We’re talking about balloon twisting. Yes, that’s right — like the kind of you see at children’s parties, or done by street performers. In fact, today’s profile subject earned extra money during law school by performing as a balloon twister on the streets of Boston….
Did you love Legos as a child? Well, who didn’t? They’re colorful and creativity-triggering. Having your child play with Legos is probably better than handing him an iPad equipped with Angry Birds (although I’ve witnessed firsthand the power of Angry Birds to mollify a misbehaving child, so I don’t judge).
But did you ever think, regarding Legos, that you could turn it into a living? And not just a living, but a successful career as an artist?
Today in career alternatives, we meet a lawyer turned Lego lover. His sculptures have appeared in museums and galleries around the country….
Ed. note: This is the latest installment in a series of posts from the ATL Career Center’s team of expert contributors. Today, in the first of five related articles, Casey Berman, founder of Leave Law Behind, a blog and community that focuses on helping unhappy attorneys leave the law, discusses the first step attorneys can take to leave the law.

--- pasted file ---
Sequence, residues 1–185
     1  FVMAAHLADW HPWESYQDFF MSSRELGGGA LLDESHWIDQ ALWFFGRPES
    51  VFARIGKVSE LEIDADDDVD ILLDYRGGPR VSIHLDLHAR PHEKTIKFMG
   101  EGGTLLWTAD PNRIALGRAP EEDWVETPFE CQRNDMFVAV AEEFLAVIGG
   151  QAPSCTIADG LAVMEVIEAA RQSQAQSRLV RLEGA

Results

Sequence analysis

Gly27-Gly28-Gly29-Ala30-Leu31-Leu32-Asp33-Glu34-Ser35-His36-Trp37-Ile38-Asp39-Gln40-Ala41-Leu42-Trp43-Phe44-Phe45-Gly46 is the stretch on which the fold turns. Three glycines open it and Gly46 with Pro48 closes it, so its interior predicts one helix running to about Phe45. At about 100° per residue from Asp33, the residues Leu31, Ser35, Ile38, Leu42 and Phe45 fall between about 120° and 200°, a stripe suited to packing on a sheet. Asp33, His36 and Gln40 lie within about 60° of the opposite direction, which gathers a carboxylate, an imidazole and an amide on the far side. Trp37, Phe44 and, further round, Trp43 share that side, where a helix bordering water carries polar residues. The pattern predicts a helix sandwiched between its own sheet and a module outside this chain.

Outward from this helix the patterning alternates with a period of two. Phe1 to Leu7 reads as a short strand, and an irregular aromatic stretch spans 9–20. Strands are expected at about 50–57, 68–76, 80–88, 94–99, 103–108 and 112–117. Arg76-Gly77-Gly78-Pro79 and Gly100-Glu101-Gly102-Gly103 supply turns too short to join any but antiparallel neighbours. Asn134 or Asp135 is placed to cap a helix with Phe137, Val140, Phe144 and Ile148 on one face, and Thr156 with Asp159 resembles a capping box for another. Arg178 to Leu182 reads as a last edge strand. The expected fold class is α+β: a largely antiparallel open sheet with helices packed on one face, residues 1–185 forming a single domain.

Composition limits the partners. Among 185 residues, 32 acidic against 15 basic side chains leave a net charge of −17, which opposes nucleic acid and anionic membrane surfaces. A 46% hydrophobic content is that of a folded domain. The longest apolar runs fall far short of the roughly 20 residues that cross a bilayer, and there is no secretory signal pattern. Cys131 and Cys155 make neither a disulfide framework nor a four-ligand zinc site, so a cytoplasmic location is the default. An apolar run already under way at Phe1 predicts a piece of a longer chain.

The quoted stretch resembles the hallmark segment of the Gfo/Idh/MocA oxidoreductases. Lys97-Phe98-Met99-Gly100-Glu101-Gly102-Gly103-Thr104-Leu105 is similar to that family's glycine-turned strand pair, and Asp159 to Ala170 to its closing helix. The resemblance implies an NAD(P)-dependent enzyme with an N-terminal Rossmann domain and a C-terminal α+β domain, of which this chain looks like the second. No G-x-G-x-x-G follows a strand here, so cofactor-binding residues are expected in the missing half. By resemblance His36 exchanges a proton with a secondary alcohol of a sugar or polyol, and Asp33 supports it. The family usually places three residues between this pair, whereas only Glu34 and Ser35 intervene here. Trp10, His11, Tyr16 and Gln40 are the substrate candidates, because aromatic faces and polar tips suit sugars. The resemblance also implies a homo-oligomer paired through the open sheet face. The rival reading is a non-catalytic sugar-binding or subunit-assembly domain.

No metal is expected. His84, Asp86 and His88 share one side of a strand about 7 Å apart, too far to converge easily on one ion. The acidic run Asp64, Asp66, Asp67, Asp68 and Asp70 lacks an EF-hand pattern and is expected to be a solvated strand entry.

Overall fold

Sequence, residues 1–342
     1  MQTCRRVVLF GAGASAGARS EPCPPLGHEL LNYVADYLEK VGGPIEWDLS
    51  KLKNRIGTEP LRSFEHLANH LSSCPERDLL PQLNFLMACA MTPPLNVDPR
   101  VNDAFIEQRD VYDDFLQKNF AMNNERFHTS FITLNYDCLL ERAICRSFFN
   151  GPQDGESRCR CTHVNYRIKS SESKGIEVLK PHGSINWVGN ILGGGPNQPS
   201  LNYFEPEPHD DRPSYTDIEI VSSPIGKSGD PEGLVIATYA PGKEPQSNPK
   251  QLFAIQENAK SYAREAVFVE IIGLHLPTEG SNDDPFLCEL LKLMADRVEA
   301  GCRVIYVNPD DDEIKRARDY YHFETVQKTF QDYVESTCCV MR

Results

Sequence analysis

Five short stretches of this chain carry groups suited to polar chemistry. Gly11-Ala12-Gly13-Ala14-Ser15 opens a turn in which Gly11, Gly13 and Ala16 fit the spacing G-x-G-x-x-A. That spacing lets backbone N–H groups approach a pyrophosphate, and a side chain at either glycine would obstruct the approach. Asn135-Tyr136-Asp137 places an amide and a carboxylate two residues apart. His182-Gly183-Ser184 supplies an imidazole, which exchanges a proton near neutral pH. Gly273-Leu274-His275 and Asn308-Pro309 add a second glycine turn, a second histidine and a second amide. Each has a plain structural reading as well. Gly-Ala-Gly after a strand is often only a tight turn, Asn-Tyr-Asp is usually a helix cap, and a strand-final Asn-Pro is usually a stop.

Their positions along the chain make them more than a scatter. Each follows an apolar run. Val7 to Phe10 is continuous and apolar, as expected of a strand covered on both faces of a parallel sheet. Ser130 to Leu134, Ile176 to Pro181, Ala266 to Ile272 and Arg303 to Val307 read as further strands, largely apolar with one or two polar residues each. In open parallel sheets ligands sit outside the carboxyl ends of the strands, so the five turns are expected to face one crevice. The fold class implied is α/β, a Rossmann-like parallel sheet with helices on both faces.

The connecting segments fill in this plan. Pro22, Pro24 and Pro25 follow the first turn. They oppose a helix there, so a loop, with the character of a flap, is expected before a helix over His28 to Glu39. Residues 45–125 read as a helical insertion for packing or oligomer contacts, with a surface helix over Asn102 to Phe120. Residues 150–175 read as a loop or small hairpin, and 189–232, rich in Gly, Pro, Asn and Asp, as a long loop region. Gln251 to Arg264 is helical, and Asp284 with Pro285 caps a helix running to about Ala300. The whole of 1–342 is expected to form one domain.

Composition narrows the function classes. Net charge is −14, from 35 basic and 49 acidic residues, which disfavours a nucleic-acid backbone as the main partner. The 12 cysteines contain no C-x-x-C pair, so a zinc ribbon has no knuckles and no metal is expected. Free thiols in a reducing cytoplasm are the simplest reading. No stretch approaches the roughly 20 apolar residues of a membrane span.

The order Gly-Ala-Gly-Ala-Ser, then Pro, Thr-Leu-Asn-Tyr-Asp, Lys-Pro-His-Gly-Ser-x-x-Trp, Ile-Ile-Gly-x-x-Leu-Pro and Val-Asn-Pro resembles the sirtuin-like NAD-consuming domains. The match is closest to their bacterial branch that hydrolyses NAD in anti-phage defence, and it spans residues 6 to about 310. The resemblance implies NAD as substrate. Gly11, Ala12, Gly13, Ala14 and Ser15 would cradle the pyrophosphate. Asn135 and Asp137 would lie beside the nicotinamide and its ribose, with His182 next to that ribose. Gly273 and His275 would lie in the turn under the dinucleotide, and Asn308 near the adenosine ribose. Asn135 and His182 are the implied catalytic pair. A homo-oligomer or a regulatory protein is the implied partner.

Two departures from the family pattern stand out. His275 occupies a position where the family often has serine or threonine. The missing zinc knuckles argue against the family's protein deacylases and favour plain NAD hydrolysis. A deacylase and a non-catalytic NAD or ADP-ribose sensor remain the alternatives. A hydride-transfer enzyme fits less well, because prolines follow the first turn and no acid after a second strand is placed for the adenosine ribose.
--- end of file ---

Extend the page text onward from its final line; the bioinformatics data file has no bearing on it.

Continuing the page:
Through Leave Law Behind, I work with many intelligent, driven, personable, resourceful, knowledgeable but nonetheless unhappy, dissatisfied, unmotivated, upset, and burnt out attorneys. They tell me that they want to leave the law behind and explore a completely new line of work. They tell me that they want to change their current practice of the law in order to enjoy their work more.
I tell them that there are five main steps to leaving the law. Five time-intensive-but-manageable, build-on-each-other-to-grow-your-confidence, incremental, rewarding (baby) steps one can take to leave the law behind for a fulfilling professional (and personal) life.
And the first step involves money.